Invocation for President L. Rafael Reif

September 21, 2012

We give thanks for this day and
the ever moving currents of life
that have brought us to this time.

In the wider world we are mindful of the
challenges presented by a struggling
economy, the pain of war and the struggles
that promote peace.

Our spirits are pulled by political talk
that values victory more than truth,
words that tell us what we wish to hear
rather than what we need to do.

In this cacophony, may we remember
that we offer our best service by doing  well
what lies in front of us.
MIT serves the nation and the world best
when we take care of the business at hand.

We have been blessed by the service and vision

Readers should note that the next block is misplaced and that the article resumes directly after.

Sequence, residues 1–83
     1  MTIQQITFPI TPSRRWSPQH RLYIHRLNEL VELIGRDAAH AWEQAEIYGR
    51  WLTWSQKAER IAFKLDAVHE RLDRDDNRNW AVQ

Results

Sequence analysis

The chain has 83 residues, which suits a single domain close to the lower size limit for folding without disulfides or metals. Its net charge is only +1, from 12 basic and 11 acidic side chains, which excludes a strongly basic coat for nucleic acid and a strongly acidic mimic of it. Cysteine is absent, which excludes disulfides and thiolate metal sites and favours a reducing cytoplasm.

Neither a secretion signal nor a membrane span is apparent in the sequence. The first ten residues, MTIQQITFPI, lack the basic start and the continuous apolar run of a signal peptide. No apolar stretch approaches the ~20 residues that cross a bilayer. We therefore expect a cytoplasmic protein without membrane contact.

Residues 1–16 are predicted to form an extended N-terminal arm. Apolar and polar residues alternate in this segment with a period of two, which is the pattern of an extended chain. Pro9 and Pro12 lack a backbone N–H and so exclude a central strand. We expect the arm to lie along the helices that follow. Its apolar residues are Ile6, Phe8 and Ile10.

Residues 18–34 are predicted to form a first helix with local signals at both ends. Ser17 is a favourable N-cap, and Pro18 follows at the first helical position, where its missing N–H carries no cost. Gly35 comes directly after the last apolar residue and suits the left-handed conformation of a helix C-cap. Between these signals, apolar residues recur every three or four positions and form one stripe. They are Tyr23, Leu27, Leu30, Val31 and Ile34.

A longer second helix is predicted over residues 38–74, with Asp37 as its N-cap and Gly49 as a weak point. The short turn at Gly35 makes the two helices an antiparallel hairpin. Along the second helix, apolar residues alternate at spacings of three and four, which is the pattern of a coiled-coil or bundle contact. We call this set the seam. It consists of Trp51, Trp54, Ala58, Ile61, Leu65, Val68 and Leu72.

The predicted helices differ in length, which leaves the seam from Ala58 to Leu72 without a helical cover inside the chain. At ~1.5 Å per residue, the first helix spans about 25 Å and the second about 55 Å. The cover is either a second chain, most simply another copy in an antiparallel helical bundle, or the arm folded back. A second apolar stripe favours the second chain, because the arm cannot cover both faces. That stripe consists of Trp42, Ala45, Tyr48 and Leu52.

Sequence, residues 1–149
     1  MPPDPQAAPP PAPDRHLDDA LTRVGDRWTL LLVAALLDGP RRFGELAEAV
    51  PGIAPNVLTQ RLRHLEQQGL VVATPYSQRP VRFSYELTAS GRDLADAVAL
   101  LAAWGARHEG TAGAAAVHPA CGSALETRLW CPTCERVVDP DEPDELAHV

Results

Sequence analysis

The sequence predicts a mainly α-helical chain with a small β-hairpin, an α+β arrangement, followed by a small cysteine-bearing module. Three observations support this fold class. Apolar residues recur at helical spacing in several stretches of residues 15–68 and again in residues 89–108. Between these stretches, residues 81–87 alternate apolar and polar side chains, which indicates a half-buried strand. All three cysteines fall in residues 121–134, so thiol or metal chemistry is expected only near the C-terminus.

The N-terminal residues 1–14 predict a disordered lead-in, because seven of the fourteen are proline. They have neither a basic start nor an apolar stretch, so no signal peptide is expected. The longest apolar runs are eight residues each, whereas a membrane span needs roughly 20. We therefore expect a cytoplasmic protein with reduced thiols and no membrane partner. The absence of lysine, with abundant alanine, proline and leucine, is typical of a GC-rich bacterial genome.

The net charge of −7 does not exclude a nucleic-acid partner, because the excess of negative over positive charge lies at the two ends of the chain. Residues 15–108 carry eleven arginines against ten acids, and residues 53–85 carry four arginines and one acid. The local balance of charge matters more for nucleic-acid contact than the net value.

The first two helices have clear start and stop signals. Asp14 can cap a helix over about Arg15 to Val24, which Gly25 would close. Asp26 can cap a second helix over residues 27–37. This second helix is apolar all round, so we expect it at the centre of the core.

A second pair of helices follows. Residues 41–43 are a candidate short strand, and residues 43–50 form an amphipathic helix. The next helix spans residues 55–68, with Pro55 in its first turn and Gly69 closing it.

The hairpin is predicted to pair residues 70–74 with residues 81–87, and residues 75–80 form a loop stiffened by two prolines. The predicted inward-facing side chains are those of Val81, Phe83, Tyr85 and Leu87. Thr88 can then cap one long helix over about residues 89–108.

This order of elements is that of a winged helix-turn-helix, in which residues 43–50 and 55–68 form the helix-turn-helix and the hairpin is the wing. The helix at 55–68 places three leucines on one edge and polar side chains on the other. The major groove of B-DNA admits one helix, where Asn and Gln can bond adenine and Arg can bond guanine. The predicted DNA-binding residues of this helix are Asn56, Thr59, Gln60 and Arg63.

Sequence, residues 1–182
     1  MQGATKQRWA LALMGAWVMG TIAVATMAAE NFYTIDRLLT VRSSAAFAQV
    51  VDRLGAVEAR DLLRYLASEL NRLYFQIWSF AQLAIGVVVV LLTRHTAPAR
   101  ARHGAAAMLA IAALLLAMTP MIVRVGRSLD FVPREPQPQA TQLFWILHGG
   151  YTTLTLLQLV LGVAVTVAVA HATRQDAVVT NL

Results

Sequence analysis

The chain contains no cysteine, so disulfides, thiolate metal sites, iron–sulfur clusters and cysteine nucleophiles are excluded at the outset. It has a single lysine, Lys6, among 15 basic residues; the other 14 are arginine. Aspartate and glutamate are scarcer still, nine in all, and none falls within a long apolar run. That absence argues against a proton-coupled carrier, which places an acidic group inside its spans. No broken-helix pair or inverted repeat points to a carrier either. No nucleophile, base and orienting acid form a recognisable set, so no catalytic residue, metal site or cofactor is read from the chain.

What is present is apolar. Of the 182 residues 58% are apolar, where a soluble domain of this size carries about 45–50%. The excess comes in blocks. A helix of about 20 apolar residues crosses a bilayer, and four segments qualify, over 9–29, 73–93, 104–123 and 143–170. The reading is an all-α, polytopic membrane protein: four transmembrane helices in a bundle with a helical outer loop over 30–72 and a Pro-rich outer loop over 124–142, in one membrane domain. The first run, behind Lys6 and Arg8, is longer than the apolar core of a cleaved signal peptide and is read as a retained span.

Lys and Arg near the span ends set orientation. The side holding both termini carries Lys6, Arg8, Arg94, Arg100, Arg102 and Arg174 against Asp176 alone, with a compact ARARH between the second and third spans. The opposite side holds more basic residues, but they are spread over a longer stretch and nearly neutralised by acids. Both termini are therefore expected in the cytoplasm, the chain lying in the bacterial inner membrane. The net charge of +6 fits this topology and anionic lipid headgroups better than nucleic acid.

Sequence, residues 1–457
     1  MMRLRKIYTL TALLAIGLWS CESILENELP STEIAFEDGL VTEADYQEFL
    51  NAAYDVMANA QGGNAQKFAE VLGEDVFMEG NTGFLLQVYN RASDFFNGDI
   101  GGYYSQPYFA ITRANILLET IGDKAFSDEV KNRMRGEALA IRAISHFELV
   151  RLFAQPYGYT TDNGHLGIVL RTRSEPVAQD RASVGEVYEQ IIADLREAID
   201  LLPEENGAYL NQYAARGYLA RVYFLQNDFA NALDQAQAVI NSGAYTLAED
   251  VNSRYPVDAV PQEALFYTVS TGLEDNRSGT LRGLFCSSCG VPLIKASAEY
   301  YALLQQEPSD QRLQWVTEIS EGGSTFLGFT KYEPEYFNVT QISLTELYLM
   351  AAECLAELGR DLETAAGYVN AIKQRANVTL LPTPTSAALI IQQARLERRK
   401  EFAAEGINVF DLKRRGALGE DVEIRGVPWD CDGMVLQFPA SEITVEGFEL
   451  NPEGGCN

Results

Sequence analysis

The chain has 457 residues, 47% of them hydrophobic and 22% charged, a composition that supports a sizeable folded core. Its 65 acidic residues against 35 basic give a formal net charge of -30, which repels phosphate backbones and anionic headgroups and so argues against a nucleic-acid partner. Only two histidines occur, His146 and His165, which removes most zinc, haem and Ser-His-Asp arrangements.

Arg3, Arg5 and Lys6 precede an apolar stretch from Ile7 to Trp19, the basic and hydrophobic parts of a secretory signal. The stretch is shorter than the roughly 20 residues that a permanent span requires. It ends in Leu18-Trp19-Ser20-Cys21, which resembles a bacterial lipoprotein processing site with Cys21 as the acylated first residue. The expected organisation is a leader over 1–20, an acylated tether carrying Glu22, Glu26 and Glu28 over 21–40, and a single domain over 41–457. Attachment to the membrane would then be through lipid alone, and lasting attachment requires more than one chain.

of Presidents Gray, Vest and Hockfield, and now
we begin the era of President L. Rafael Reif.

Our challenge is to advance knowledge
and educate students in science, technology
and the areas of scholarship that will best serve
the nation and the world in the 21st century.

What lies in front of  us are the problems of modern time;
may President Reif’s leadership be wise and may
he be surrounded by learned counsel;
may our community hold up his arms when the going is tough,
and  encourage his spirit when the days are dark for we stand or fall together
and do our work best when our collective minds inform the hands
that touch the keys that play the music, write the words that sway hearts, 
sketch the lines that define buildings, seek out genes that open pathways to curing illness, build the systems that create the renewable energy to sustain life.

That we may do these things is our prayer,